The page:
"I left my birthplace, a tiny island in the middle of the Bering Sea, when I was a baby, and I've been traveling ever since. I've been drawing almost ever since, too. One of my earliest happy memories is of finishing a portrait of my big brother and thinking, "it looks just like him!" I was three; he was seven. Sketching in city settings, I use a close- to mid-range focus, emphasizing more intimate, less panoramic subject matter: wine glasses, plates, cutlery — the remnants of a bistro meal; people caught in ordinary, oblique moments; figural sculpture and fountains that animate public spaces and remind us of the human presence behind the scenes.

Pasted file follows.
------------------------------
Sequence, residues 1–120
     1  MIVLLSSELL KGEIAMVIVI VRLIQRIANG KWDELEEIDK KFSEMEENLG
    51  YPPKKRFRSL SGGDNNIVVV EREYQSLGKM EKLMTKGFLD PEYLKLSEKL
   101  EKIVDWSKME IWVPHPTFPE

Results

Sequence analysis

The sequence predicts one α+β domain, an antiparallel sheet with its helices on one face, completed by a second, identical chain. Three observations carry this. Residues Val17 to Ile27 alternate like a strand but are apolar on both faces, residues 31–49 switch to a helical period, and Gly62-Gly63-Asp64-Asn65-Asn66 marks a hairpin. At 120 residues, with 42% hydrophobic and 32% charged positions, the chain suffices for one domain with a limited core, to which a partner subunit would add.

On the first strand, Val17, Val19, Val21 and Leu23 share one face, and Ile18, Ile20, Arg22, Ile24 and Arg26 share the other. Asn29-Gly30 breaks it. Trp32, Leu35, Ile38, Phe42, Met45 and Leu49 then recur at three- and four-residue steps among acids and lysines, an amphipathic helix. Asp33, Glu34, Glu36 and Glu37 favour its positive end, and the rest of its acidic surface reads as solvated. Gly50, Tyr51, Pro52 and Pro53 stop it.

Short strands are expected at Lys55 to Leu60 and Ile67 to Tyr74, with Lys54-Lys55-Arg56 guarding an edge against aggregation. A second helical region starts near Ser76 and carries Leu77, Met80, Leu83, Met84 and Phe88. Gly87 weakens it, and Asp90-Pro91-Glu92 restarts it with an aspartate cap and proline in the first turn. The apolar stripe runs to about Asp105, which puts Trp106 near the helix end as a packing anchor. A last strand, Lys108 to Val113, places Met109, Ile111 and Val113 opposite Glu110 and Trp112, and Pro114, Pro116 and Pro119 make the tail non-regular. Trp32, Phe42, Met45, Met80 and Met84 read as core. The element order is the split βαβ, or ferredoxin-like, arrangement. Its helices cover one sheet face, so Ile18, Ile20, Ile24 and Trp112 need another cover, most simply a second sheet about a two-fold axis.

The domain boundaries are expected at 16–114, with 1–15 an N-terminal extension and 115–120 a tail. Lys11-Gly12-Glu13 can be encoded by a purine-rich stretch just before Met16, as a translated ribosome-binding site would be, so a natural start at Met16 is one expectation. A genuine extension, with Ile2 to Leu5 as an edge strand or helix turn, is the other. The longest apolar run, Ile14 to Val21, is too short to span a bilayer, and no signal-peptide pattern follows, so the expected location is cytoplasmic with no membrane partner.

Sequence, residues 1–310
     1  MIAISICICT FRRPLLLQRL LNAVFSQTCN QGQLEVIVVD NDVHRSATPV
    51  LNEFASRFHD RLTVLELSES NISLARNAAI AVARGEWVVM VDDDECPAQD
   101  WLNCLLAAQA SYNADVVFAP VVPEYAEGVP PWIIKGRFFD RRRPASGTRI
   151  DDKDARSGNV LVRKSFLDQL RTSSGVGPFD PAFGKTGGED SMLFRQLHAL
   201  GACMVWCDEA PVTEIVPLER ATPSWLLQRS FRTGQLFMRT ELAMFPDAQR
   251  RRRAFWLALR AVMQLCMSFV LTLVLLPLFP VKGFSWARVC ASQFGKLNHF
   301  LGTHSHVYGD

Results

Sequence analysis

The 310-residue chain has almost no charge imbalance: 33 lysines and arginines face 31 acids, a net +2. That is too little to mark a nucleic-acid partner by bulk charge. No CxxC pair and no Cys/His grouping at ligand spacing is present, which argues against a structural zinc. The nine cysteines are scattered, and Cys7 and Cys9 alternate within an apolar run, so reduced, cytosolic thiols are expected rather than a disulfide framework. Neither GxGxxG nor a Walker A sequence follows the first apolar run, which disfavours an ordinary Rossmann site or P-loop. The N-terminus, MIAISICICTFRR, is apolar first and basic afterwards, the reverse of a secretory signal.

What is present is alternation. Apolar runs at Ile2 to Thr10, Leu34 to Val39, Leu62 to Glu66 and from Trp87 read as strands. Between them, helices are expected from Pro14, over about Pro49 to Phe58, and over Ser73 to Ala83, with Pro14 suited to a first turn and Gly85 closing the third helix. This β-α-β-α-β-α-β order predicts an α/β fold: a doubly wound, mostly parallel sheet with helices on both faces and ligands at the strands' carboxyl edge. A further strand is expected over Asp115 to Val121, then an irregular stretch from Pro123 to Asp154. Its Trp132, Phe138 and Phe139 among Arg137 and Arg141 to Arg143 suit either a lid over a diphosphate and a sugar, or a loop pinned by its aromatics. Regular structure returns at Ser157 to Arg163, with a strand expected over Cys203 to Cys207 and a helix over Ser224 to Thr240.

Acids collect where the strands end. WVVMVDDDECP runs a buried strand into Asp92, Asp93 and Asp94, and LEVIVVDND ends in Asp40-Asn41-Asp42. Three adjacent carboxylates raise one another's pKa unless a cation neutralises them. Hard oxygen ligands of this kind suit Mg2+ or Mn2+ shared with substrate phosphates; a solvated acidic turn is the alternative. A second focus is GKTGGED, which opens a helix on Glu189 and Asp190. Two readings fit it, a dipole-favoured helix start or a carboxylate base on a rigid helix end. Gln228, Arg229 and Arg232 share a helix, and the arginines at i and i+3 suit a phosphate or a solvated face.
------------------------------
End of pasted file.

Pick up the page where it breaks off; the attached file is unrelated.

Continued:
Drawing in public the way I do gives me a connection to other people and to places I could get in no other way. Strangers stop to talk, to ask questions, to take photos of the artist at work, sometimes simply to observe in silence. In one way, it's a participatory thing we do — looking together, reacting together. And for me, the sketches remain as permanent evidence of those observations and those connections."
• Laura's blog: Laurelines.